Can you spell “patent troll”?
Software developer SpeedTrack has filed suit against nearly two dozen major online retailers, including Amazon.com, Best Buy, Overstock.com, Nike, Costco and Dell, accusing the major online retailers of infringing some patent that supposedly covers a search mechanism customers can use to locate products on their websites.
The complaint, filed yesterday in the U.S. District Court for the Northern District of California, accuses the defendants of infringing U.S. Patent Number 5,544,360, titled “Method for accessing computer files and data, using linked categories assigned to each data file record on entry of the data file record”.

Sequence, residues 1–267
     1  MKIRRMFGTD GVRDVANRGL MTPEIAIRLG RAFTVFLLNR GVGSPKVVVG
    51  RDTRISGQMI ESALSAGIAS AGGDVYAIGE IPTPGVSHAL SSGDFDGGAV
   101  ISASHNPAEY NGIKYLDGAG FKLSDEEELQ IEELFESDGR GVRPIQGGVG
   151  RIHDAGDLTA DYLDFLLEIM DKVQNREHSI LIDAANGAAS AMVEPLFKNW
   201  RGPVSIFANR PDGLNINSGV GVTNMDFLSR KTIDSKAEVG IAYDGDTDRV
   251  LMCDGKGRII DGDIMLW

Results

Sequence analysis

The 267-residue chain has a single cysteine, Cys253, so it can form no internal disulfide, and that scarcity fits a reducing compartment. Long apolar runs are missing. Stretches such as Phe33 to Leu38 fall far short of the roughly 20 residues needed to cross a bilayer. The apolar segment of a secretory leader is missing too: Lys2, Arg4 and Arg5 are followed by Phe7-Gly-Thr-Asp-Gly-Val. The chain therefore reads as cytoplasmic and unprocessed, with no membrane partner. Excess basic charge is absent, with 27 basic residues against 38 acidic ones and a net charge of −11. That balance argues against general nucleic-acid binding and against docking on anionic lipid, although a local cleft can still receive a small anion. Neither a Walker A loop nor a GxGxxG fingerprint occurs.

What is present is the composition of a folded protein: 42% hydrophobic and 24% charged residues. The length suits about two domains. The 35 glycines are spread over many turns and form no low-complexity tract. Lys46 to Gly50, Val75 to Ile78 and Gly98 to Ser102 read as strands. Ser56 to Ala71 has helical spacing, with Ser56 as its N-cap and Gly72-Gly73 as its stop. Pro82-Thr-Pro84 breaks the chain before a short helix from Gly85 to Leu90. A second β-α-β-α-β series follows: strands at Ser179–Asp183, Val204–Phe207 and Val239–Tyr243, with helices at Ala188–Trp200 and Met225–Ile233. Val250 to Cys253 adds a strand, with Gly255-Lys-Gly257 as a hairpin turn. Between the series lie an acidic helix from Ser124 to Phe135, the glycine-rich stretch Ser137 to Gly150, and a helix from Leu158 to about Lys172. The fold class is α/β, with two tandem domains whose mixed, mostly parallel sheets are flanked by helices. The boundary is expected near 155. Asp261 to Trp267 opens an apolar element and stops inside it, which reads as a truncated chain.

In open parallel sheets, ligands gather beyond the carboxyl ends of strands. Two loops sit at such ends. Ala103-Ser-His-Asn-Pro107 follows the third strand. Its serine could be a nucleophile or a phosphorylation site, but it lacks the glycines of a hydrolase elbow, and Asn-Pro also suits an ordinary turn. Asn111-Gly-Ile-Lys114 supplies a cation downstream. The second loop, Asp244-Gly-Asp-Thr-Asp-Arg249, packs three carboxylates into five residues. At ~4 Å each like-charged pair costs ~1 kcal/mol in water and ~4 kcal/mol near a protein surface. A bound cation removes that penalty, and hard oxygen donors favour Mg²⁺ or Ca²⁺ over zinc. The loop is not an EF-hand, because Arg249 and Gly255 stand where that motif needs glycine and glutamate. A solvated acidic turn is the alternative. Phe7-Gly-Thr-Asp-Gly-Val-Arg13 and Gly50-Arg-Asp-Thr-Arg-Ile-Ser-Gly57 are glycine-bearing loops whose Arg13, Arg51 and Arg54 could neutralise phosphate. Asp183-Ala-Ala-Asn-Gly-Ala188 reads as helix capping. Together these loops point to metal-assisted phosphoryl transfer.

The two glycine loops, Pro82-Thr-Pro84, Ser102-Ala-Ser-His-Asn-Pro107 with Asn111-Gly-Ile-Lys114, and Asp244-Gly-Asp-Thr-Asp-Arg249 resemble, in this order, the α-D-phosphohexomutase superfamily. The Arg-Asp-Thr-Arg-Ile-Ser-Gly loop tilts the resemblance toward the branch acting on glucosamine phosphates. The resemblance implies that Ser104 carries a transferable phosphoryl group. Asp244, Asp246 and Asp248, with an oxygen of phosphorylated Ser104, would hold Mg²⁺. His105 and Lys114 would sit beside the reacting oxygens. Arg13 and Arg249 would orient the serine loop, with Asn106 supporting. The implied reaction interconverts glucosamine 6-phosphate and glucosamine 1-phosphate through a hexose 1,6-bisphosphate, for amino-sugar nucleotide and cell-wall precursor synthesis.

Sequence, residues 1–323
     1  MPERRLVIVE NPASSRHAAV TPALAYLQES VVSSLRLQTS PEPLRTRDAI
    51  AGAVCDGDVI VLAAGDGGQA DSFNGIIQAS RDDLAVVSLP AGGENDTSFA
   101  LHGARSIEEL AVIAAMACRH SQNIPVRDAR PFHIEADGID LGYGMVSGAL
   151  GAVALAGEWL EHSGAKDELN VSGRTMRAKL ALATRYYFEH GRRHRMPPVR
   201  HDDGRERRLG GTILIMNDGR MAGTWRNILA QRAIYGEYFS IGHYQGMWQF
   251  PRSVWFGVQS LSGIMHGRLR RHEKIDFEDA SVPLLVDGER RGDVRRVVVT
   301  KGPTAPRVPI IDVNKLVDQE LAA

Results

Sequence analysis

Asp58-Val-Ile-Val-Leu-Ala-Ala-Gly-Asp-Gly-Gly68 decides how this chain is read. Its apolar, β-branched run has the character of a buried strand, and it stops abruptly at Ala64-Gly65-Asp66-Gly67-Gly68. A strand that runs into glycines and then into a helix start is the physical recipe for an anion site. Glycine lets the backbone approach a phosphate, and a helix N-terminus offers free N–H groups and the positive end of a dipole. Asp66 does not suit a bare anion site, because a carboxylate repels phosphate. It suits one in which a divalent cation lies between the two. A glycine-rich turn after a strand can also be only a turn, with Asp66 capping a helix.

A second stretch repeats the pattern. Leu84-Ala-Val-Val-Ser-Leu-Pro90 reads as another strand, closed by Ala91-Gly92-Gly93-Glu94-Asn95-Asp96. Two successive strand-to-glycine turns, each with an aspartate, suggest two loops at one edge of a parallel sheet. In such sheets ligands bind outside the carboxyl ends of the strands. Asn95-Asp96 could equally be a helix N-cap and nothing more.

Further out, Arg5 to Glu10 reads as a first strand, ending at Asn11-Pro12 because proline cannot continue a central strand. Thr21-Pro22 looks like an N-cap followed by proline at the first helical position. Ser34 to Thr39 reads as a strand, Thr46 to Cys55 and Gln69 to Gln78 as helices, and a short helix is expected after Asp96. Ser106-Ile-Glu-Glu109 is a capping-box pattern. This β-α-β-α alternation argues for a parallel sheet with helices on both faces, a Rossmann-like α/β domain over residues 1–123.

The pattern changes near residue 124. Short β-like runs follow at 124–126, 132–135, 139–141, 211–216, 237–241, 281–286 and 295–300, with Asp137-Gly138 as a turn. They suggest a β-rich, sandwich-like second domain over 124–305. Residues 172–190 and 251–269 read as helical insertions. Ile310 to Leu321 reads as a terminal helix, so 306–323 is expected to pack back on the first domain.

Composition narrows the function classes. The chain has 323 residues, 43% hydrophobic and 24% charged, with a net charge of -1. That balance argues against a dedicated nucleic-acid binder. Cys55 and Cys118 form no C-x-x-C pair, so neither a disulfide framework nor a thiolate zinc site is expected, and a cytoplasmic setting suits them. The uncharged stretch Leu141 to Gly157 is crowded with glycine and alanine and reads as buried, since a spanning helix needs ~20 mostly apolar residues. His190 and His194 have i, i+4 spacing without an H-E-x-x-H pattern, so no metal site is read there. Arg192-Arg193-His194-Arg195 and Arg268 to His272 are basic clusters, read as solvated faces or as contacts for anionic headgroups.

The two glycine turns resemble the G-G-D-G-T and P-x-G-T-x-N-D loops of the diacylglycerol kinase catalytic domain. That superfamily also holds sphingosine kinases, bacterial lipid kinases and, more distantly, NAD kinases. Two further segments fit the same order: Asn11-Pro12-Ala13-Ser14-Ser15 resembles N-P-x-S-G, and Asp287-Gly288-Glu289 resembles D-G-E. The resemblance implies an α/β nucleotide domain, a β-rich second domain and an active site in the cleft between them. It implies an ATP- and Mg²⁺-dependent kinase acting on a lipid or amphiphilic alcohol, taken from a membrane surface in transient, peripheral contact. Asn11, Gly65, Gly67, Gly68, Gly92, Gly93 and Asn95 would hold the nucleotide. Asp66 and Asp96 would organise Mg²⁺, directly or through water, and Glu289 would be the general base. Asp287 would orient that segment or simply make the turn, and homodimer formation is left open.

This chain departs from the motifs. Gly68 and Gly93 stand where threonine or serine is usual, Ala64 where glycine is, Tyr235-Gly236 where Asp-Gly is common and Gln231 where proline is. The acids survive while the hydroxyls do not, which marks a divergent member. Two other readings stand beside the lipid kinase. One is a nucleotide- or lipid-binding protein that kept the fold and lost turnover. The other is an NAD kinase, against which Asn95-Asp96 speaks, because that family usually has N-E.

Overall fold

Dubbed GIA (Guided Information Access), originally developed and patented by SpeedTrack co-founder and CTO Jerzy Lewak, the system is designed to guide users to contextually relevant information when searching specific keywords, ensuring a result rather than a page that says “no result can be found” or whatever. According to its website, law enforcement agencies like police departments use SpeedTrack’s GIA software to sort through massive criminal records data, which supposedly helps them solve crimes faster.
Evidently, this type of software is important for Internet retailers’ conversion rates, because such technology enables users to discover related or similar products on their websites when specific items cannot be found. But I can hardly imagine that SpeedTrack’s technology is so unique that the e-commerce giants should have to pay as much as a penny to the software company. Of course, a jury may very well be persuaded otherwise.
Message to Lewak and the rest of the SpeedTrack team: how about you focus on sales to mark up your balance sheets rather than turning to courts in the hopes that Amazon and Co. will come fill your pockets for you.